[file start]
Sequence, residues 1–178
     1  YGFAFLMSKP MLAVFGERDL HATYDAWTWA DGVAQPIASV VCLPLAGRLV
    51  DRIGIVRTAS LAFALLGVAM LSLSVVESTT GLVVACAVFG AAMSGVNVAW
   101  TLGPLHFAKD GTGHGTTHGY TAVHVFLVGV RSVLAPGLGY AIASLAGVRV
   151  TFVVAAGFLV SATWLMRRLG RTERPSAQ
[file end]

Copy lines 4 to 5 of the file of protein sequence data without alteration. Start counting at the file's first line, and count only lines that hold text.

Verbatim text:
   101  TLGPLHFAKD GTGHGTTHGY TAVHVFLVGV RSVLAPGLGY AIASLAGVRV
   151  TFVVAAGFLV SATWLMRRLG RTERPSAQ